From a director who has made films from radical Marxism, teenage rebellion, religious institutions, to political subversion, now he explores the mother complex, as this is a fairly conventional story told in an unconventional manner, moving back and forth from various places and times, reflecting how a man remains haunted by the mysterious death of his mother well into middle age, even though it occurred in an early period in his life.  Shamelessly sentimental and narratively slight throughout, yet with a few startling moments of humor and unrestrained energy, in a film where these few exquisite moments are all too rare, though nearly every one is associated with music, shot by Daniele Ciprì, where it curiously has a gloomy, sepia-toned look of washed-out color that immediately offers a somber tone that takes the joy right out of this picture.  Adapted from the 2012 novel Sweet Dreams, Little One by Massimo Gramellini, current deputy editor at La Stampa, an Italian daily newspaper published in Turin, one of the oldest newspapers in Italy where he runs a daily front page column, the film is told in non-chronological order through flashbacks recalling various lifelong memories, like a memoir, where each is given a larger-than-life recreation, though it has a bit of an embellished, fairy tale feel throughout.  Whether by Paolo Sorrentino or now Bellocchio, the central figure in these Italian movies tends to be a successful though emotionally damaged and largely unfulfilled male protagonist who fits the template of Marcello Mastroianni in Fellini’s LA DOLCE VITA (1960), who was a highly popular journalist writing for gossip magazines.  In this film, Massimo (Valerio Mastrandrea) is a popular and highly successful sports journalist who also covers the war in Sarajevo, yet he’s scarred by the childhood loss of his mother at the age of nine.  Quickly flashing back to childhood in 1969, with little Massimo played by Nicolò Cabras and his mother Barbara Ronchi, he has an idyllic childhood that he recalls in his own perfect way, singing a love song to him, Fai Bei Sogni - Scena: Resta Cu'mme YouTube (1:17), until his mother unexpectedly dies from a reported heart attack, yet he refuses to believe she is dead, expecting her to return at any given moment, where in his mind she is simply irreplaceable, linking the music of his childhood past to his present, where David Richard Mindel’s Twist Night evolves into The Trashmen’s Surfin’ Bird, Fai Bei Sogni Clip1 - YouTube (1:03). 

The film title comes from the last words his mother spoke to him as she tucked him into bed that night, only to be vaguely informed what happened afterwards by his father (Guido Caprino), who lacks the warm affection and maternal charm of his mother, leaving Massimo in a state of delusion and emotional repression afterwards.  From the innocent pleasure of playing hide and seek with his mother and sharing a love for watching late-night horror movies, including clips of the wildly popular 1965 French miniseries Belphégor, where he’d hold onto her for protection and cuddle close together under the blanket, not to mention the dizzying television appearances of Raffaella Carrà, the first female television personality to show her belly button on camera, 1971 - Canzonissima Chissà se va - Video Dailymotion (3:00), yet it was also an era of rowdy soccer crowds, where his father was a rabid fan of the Torino FC which played near their home.  But Italy unraveled in the 1970’s, an era of political extremism and the Red Brigades, a paramilitary organization involved with robberies, kidnappings and assassinations.  As a young teen, Massimo continues to lie about his mother, claiming she lives in New York, despite the intervention of a priest who informs him he must acknowledge the truth.  He develops a friendship with an extremely wealthy fellow student, Enrico (Dylan Ferrarrio), inviting him home to his immense mansion, the kind only seen in the movies, where Massimo can’t take his eyes off his nurturing yet indulgently overprotective mother, Emmanuelle Devos.  As a young man, he gets a job as a sports journalist, but remains in a state or arrested development, aloof and distant from others, never sustaining relationships, catching a break by being on the site of a major breaking news story.  He’s sent to Sarajevo as a war correspondent, but shows a callous disregard for the people he’s covering, blatantly embellishing the photographs of victims and cynically staging them to make a name for himself.  When his father dies, he returns to his childhood home and combs through his parent’s belongings, with past memories flooding his head, along with a sense of grief that continues to torment him.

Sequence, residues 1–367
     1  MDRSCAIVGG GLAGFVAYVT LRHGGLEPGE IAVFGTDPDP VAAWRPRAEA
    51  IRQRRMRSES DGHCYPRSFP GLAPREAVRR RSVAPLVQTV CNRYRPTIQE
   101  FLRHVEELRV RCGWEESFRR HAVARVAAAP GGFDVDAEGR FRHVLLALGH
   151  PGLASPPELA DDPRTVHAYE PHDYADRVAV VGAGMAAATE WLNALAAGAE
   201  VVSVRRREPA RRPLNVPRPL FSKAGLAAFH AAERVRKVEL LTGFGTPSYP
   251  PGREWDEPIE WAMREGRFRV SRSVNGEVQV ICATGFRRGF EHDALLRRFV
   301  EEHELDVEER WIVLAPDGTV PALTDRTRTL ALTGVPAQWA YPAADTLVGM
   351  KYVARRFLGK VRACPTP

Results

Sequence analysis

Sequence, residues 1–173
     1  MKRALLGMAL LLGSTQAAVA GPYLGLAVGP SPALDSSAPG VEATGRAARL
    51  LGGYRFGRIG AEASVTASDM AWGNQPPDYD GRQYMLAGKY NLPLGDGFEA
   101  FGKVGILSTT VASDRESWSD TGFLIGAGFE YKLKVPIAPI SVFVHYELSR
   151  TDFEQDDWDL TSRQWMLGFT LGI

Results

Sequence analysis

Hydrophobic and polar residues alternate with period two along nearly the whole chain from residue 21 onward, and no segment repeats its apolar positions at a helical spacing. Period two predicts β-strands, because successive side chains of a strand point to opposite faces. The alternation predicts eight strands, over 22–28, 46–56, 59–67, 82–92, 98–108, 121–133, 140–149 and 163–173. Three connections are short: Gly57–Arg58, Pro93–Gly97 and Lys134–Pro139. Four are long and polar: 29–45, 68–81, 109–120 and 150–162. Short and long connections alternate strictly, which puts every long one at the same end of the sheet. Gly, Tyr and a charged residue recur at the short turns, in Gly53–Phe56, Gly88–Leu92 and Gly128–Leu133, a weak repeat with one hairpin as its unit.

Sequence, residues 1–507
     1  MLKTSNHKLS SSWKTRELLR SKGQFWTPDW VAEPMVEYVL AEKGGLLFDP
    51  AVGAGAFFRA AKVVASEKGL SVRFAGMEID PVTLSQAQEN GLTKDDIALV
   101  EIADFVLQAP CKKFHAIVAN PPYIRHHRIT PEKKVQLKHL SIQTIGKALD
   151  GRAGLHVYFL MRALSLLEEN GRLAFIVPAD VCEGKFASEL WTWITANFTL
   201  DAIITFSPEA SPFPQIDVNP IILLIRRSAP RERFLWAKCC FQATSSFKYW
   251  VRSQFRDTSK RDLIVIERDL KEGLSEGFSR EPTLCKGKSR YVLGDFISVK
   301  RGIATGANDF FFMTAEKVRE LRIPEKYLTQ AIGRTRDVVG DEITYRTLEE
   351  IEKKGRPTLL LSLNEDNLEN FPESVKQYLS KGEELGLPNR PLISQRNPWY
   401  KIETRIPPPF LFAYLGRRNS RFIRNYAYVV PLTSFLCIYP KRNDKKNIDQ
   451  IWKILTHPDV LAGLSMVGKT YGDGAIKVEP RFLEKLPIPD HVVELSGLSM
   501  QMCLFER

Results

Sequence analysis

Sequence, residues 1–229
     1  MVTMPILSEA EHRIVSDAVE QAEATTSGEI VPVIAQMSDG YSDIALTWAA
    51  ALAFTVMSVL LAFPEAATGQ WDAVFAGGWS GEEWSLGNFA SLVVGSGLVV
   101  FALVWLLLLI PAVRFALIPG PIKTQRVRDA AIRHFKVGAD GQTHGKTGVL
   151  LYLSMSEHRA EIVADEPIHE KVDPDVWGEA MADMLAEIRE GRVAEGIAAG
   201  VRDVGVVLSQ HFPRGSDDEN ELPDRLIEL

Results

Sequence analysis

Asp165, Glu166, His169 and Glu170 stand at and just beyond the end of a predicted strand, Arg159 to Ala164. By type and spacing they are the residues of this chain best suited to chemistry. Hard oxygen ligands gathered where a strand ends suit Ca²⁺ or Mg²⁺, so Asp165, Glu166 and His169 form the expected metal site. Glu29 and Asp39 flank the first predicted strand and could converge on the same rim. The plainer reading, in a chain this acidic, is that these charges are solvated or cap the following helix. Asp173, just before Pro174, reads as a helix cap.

In Turin, his editor asks Massimo to write a response to a letter from a reader who literally hates his domineering mother, as the regular columnist quits after suggesting to his coworkers that he simply put a gun to his head, refusing to spend any more time on it, as the man is hopeless.  Of course Massimo rises to the occasion, plumbing the depths of his soul, and prints out a column that catches the attention of the entire nation, receiving tons of letters in response, where special machinery is used to transport it all from the Post Office, becoming a rock star of columnists, where he is rewarded with his own daily column.  This kind of universal acknowledgment is rare, and honestly, Massimo isn’t sure he deserves it.  The turning point of the film is an unexpected panic attack, where Massimo feels he’s about to die from a heart attack, perhaps mirroring what happened to his mother, where he calls the hospital emergency room for assistance, speaking to Dr. Elisa (Bérénice Bejo), a young French doctor working in Italy, a calmly assured voice that walks him through his anxiety, miraculously calming him down.  He introduces himself at the hospital the next day, showing appreciation for her expertise, where she exudes the same kind of genuine warmth and affection as his mother, where her eyes are alert and alive, a light in an otherwise darkened crowd, where he can’t get enough of her.  Neither can the audience, as it’s as if she’s from another film, a positive delight in an otherwise overly grim view of a man that continually feels sorry for himself, still demoralized and emotionally scarred from childhood events that he simply can’t come to terms with, where he confesses to her the power of an invisible companion that’s never left his side since childhood, the dark presence of Belphégor, who was like a heavy burden on his back, always weighing him down, a force that feeds on “my doubts and fears:  mistrust, rejection, abandonment.”  As if she has the power to reach into his damaged soul, Elisa’s kind-heartedness works miracles, inviting him to a family anniversary party where after initial refusals, he’s a hit on the dance floor in a showy scene that people will talk about afterwards, for it’s as if his very last breath has been resuscitated.  After writing his first book, there’s an intriguing scene at the end, beautifully acted by his godmother (Arianna Scommegna), who tells him, “After forty years, it’s time that someone told you the truth.”  No longer protected by the innocence of youth, or invisible demons, or various turns in his life where fantasy and reality get mixed up in the confusion, the story of his mother’s death is different than what he had been told, but only now is he in a position to accept it.